Monday, October 31, 2011

Computerized Brain Training Can Produce Functional Changes in Schizophrenia

Successful training of the brains of people with schizophrenia in discrete attentional tasks is possible and appears to translate into improvements in quality of living, said Sophia Vinogradov, M.D., winner of APA’s Alexander Gralnick Award (pictured with past APA President and current APA American Psychiatric Foundation Treasurer Richard Harding, M.D.) At APA's Institute on Psychiatric Services in San Francisco, Vinogradov described research showing that computerized games aimed at training the brains of patients in very specific tasks can have effects on multiple interactive systems resulting in changes in global functioning. The finding marks a new direction in what has been called “cognitive remediation.” Further coverage of Vinogradov’s remarks will appear in a future issue of Psychiatric News. For further information about cognitive remediation, see "Neurocognitive ‘Training’ May Undo Schizophrenia's Brain Damage" and American Psychiatric Publishing's Essentials of Schizophrenia by Jeffrey Lieberman, M.D.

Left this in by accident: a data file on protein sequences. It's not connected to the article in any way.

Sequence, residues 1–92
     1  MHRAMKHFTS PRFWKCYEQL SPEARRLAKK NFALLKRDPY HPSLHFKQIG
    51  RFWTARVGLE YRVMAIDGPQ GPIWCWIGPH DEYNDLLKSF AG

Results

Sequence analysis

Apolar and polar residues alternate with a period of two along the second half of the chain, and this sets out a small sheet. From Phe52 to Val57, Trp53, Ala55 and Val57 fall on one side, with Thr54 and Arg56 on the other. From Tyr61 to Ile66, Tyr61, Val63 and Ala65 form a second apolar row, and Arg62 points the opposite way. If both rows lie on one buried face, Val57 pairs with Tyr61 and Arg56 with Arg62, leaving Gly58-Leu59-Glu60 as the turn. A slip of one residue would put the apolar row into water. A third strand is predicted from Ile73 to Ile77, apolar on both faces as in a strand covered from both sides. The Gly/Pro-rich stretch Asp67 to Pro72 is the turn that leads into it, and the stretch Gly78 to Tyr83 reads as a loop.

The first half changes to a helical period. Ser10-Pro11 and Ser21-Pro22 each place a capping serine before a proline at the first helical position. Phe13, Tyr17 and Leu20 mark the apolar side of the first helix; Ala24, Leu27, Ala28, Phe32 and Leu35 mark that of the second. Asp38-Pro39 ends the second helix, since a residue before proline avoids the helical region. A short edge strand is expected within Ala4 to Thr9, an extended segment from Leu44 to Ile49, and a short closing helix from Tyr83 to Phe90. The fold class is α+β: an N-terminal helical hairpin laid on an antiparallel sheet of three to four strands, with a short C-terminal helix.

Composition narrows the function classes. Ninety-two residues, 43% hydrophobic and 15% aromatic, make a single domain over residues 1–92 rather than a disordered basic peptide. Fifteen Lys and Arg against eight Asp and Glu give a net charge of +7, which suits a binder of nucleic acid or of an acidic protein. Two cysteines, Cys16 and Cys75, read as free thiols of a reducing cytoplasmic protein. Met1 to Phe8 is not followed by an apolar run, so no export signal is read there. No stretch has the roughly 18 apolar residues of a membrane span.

(Image: Mark Moran)


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